Distant debuts are in vogue today as several area colleges begin their basketball regular seasons -- each of them on the road and all but Georgetown facing a relatively stern test.

The Hoyas' core of a half-dozen newcomers likely won't be pushed, but will get its playing-for-keeps indoctrination in Hawaii -- with a two-game tour of the islands and the traditionally underwhelming matchup against NAIA school Hawaii Loa. Hawaii Pacific will provide the opposition on Saturday.

George Mason visits Miami, and Howard's Butch Beard and Virginia's Jeff Jones will receive their initial tastes of head coaching. Howard plays at Wake Forest, Virginia against Siena (N.Y.) College in the Great Alaska Shootout.

The remainder of local schools will begin play in the next four days. Coach Mike Jarvis's debut for George Washington comes at Loyola (Md.) Saturday afternoon, the same day that Navy visits Fordham. Maryland hosts Towson State Monday night at Cole Field House, and American -- with new coach Chris Knoche -- faces UDC Tuesday at Bender Arena, where the Eagles have a 15-game winning streak.

Few teams have more questions than Georgetown, which might start three freshmen with twin towers Dikembe Mutombo and Alonzo Mourning. With a showdown against Duke in the Big East-ACC Challenge less than two weeks away, the Hoyas need to return to the mainland with the some answers.

Thompson insists he's not wary of his club's youth. "It reminds me of when I first came {to Georgetown}, and we had five freshmen on the floor at times," he said. "Of course, we didn't have Dikembe and Alonzo out there too."

Thompson seems particularly fond of freshman point guard Joey Brown; he said he's undecided about whether to start freshman Charles Harrison or his son, junior Ronny Thompson, at the other guard. Freshman Robert Churchwell (Gonzaga High) probably will get the first shot to start at small forward.

In all, five or six newcomers may be among the club's regular eight- or nine-player rotation.

Thompson must decide soon about the status of sophomore guard Antoine Stoudamire, who made the trip but won't play because of a virus and strep throat that kept him out of preseason practice. If Stoudamire is redshirted, then perhaps 7-foot-2 freshman Pascal Fleury won't sit out as planned.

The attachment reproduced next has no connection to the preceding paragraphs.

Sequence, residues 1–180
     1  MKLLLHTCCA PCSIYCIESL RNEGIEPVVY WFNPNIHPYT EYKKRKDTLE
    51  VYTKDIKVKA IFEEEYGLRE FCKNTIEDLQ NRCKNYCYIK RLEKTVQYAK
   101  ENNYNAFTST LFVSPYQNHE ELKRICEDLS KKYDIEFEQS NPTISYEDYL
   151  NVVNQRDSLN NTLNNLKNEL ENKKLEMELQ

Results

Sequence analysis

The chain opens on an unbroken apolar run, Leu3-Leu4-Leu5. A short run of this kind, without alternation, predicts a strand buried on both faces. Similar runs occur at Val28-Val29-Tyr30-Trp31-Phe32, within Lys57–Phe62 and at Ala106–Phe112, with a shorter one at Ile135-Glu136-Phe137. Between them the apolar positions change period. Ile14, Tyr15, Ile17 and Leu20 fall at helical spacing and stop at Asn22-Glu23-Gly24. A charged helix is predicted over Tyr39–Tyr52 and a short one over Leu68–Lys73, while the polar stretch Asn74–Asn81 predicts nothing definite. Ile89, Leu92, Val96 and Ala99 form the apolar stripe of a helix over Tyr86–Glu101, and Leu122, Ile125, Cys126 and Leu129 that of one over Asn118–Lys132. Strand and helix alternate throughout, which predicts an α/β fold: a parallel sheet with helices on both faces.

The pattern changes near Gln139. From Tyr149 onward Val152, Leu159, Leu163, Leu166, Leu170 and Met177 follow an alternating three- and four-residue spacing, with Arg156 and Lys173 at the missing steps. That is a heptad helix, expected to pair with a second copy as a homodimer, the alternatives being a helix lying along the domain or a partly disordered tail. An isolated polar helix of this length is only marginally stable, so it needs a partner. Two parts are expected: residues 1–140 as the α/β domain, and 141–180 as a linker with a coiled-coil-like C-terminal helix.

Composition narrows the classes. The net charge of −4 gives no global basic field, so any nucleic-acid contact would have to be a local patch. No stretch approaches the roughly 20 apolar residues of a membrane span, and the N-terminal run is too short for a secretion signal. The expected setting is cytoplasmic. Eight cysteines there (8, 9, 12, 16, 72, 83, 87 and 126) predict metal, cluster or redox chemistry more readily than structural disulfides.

"I don't know how good this team is or can be," Thompson said. "Young in age doesn't bother me as much as young in knowledge of our system. Every time we go onto the court is vital to our development process."

George Mason, with Coach Ernie Nestor beginning his third season, returns the nucleus -- center Robert Dykes, forward Byron Tucker and point guard Mike Hargett -- of last season's 20-12 team, and optimism is high.

But Miami has five starters returning from a 13-15 club -- including senior center Joe Wylie (Wilson High School), an 18.4 points-per-game scorer a year ago -- and a highly regarded new coach, Leonard Hamilton.

Jones is the youngest coach in ACC history, but he has one of the league's deepest, most-experienced units. Virginia's first appearance in the Shootout will bring a quick challenge from Siena -- which has four starters back from a 16-13 team, including sometimes-dazzling senior point guard Marc Brown and 7-foot center Steve Downey.

Howard's new up-tempo system will be sternly tested quickly, and Beard, who has spent the past 15 seasons as a NBA player and assistant coach, is trying to be realistic with a team that went 17-39 over the past two seasons.

The Bison will play 11 of the first 13 games on the road, with Wake Forest (said to have had one of the nation's top recruiting classes), Georgia Tech, St. John's and Northeastern heading the list.

"When I look at this schedule, I don't panic," said Beard. "I don't like being away and playing these teams, but it will set us up for the conference. . . . In the conference, I know nobody fears us, and that's good. But by the end of the year, they will fear us."

Two keys for Howard will be 6-8 senior forward Tyrone Powell (Forestville High) and sophomore point guard Milan Brown.